Said Hawks' captain and All-Star Joe Johnson: "We've never listened to the naysayers about our team. We could care less what's written on paper or what somebody had to say about who is supposed to go where. We've tried to do our talking on the floor."
That includes wins in Boston and Portland, and six straight home wins to push their record to 10-2, tied with Phoenix for the top overall mark in the league.
Still, there's been a prevailing theory that the Eastern Conference consisted of the Big Three and everyone else, a theory not shared by "everyone else."
"I think everybody feels like the ball is in the air and it's a matter of who is going to go get it," said Heat center Jermaine O'Neal, whose team is 7-4 after back-to-back losses to Oklahoma City and the Hawks. "Right now everybody has issues. Do we feel like those three teams are better than us? No we don't, not at all.
"Cleveland, they're a good team. But we don't feel like they're better than us. Orlando just had a huge blow with Jameer Nelson's injury. Boston isn't playing to the level they expected. So I think teams like Atlanta and us, we're absolutely in the mix with those other three teams."
Time will tell. But so far this season, it's safe to assume that the VIP section is going to need a few extra chairs, at least for the time being.
"We know we're a good team," Hawks forward Josh Smith said. "We're not a cocky bunch of guys but we're confident in ourselves. And we know that we have the depth that we need this year. And we're treating each game more precious than the last because we know we have something good going here."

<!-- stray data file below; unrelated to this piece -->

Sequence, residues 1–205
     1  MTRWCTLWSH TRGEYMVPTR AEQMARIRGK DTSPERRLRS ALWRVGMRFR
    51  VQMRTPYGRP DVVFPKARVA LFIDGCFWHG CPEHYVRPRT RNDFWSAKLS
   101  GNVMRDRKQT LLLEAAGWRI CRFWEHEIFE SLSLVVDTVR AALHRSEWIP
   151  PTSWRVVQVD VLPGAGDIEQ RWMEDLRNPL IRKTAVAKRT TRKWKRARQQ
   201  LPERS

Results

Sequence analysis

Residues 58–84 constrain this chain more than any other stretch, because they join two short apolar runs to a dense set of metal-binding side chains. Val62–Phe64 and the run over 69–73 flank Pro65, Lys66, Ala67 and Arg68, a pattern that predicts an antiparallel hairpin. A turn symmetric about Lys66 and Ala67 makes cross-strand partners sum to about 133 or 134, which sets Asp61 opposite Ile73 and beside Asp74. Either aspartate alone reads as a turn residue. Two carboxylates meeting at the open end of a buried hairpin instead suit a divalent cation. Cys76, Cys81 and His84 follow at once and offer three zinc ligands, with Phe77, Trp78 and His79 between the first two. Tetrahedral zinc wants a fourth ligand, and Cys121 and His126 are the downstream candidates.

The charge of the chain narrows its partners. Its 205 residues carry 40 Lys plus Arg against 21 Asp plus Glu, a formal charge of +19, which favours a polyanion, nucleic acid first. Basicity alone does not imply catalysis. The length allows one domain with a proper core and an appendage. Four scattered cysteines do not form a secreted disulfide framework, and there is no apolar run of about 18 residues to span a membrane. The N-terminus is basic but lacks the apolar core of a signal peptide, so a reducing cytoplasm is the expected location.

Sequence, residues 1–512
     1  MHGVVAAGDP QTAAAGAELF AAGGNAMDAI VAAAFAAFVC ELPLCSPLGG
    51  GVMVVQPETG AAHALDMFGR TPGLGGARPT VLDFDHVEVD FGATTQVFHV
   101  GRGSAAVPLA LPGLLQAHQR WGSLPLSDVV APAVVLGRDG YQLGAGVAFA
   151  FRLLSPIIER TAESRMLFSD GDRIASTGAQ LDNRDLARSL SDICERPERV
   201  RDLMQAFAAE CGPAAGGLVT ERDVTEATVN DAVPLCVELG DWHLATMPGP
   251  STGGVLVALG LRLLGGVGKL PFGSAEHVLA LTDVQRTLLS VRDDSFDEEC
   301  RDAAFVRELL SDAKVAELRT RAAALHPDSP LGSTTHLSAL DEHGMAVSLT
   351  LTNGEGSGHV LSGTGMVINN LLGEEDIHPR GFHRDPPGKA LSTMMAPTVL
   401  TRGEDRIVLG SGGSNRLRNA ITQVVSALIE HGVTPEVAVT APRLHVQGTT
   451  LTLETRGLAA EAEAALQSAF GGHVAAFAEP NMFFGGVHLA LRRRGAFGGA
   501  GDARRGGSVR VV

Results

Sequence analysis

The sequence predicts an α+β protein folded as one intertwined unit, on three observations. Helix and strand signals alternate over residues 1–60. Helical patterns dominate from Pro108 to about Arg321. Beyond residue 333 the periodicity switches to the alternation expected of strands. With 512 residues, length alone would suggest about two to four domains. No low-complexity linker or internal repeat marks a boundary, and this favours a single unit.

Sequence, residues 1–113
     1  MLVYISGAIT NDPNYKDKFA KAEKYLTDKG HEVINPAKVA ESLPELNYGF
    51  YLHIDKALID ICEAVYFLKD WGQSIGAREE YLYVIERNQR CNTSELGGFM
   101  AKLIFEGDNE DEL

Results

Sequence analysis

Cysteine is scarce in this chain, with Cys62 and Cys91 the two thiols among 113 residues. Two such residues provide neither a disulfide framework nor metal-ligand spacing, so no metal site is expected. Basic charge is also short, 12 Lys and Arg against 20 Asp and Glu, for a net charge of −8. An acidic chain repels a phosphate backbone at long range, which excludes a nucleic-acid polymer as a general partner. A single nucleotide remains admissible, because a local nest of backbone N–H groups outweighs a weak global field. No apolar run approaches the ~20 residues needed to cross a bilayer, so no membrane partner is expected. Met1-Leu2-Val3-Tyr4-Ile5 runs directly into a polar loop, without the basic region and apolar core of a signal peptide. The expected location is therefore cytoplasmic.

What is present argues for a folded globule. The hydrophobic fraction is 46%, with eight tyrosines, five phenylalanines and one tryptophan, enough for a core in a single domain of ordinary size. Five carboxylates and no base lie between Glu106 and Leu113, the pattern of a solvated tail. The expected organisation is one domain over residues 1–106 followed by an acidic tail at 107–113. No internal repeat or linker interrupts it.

Michael Wilbon of the Washington Post sees some encouraging signs now that the Wizards have snapped that pesky losing streak: "The Washington Wizards, on the other hand, had lost six straight and seven of nine to start the season. They were shooting the ball miserably. Gilbert Arenas looked, well, awkward in this new role of more traditional point guard. The new offense appeared a little discombobulated. The Wizards, frankly, reminded more than a few of us of the Redskins. Not good. So what happened in Game 10 of the Wizards' season? They blew out the Cavaliers, 108-91. They came from 17 down to lead by 20 in the fourth quarter, a 37-point swing that overwhelmed LeBron James and featured probably the Wizards' best stretch of basketball so far."
Frank Dell'Apa of the Boston Globe points out Doc Rivers' new stance on 3-pointers and how that helped the Celtics recover from their two-game skid: "I got on him, and I rarely do, about the threes,'' Rivers said of Rasheed Wallace. "Because even though he was wide open, it's really tough. I mean, he was wide open and he took two, but we had just taken two quick ones. But he's got an incredibly high basketball IQ. He's been phenomenal in the locker room. So, I'm just happy to have him."
Steve Adamek of the Bergen Record highlights Eddy Curry's return and revival for the Knicks: "Playing his first significant minutes since March 7, 2008 after three cameos during a tumultuous 2008-09 season on and off the court, Curry demonstrated the force he can be in just 11:44. He scored 10 points, driving the lane with reckless abandon at times and looking like his old self on the blocks, with D'Antoni calling plays for him to get him going. "You forget what a presence he is under the basket and you forget what it's like to have that presence," D'Antoni said. "It just gives us another dimension to the offense."